Alric Lindsay, Higgs & Johnson
The Companies Law was recently amended by The Companies (Amendment) Law, 2016 (the “Amended Law”), published in the Cayman Islands gazette on May 13. The purpose of the Amended Law is to remove “bearer shares” from circulation, ultimately improving transparency in relation to beneficial ownership of companies in the Cayman Islands. In order to understand the reasons for the change, it is useful to set out a brief background on bearer shares.
Most people are familiar with the concept of owning shares in a company and how ownership is transferred to another person. As a start (and generally speaking), the “owner” is the person recorded on the register of shareholders of the relevant company. In order to legally effect a sale or transfer, the parties would comply with the terms of the applicable documentation and follow the necessary procedures. Upon completion of the transaction, the register of shareholders would be amended to reflect the new owner.
When it comes to bearer shares, however, the normal question is “who is the owner?” The answer is hidden in the name i.e. “bearer.”
The “bearer” is the person who literally holds the bearer share instrument in his hands at any given moment. He cannot be identified on the register of shareholders because there is no entry reflecting his name. Where he wishes to transfer bearer shares, the simple action of delivery to another person would signify transmission.
In light of the threat of terrorist financing and global anti-money laundering activities, the existence of bearer shares grew as a concern to regulatory bodies and governments alike. This was because regulators were unable to identify the owners of bearer shares and, in failing to do so, could not determine whether ownership of such shares was for surreptitious reasons.
In order to combat this practice, global watchdogs established various policies to improve transparency. One such body is the Financial Action Task Force (FATF).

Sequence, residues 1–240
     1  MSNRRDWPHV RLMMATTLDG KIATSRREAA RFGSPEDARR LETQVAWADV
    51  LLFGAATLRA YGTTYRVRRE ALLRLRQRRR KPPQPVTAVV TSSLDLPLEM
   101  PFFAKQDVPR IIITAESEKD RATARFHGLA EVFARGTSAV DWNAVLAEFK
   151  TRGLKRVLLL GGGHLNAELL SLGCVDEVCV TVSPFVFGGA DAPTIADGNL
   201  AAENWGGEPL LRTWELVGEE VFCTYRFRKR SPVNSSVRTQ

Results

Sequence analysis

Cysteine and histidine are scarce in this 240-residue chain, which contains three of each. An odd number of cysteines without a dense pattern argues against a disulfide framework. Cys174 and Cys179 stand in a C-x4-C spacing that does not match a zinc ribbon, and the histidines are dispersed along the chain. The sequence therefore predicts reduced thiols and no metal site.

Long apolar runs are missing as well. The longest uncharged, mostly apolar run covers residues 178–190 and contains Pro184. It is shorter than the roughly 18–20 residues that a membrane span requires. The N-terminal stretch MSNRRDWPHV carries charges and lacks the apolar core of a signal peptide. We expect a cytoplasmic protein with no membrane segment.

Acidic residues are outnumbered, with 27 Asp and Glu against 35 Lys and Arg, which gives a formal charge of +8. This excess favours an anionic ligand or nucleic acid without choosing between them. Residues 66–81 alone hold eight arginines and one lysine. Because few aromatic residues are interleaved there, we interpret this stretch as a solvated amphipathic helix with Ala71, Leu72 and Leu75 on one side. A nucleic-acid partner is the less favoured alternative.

The stated objectives of FATF are to set standards and promote effective implementation of legal, regulatory and operational measures for combating money laundering, terrorist financing and other related threats to the integrity of the international financial system. Its policies are intended to be implemented as regulations or laws in relevant countries.
Published policies include the series of recommendations developed by FATF (the FATF Recommendations), which lay out the framework that should be followed regarding the identification of beneficial owners. In particular, the FATF Recommendations require countries to ensure that there is adequate, accurate and timely information on the beneficial ownership and control of legal persons that can be obtained or accessed in a timely fashion by competent authorities, and that countries that have legal persons who are able to issue bearer shares or bearer share warrants should take effective measures to ensure that they are not misused for money laundering or terrorist financing.
Cayman Islands compliance with FATF
In the case of the Cayman Islands, anti-money laundering and anti-terrorist regulations and legislation have been in existence for several years and comply with FATF Recommendations. This requires robust due diligence procedures (including background checks) to be completed prior to the acceptance of new business and on an ongoing basis. Due diligence must be in place for directors, officers, shareholders and ultimate beneficial owners of relevant entities. Unlike onshore locales like Delaware and Nevada, service providers in the Cayman Islands can be expected to “know their client.”
In addition to the know-your-client regime, the Cayman Islands is a signatory to U.S. FATCA, U.K. FATCA and the Common Reporting Standard, all of which have been implemented through domestic regulations and legislation in the Cayman Islands. Reporting Financial Institutions subject to the foregoing legislation and regulations must submit financial account and other information to the Cayman Islands tax authority, which may then be shared with the U.S., U.K. and, in the case of the Common Reporting Standard, certain partner jurisdictions. Therefore, full cooperation by the Cayman Islands is currently in place.
Collaboration (through understandings and undertakings) also exists between the Cayman Islands regulator and international regulators. These international bodies include the Guernsey Financial Services Commission, Finanzdienstleistungsaufsicht of Germany (BaFin), France Financial Markets Authority, Central Bank of Ireland, United Kingdom Financial Conduct Authority and Financial Services Authority U.K., Canada Office of Superintendent of Financial Institutions, U.S. Federal Deposit Insurance Corporation, U.S. Securities and Exchange Commission and the U.S. Commodity Futures Trading Commission.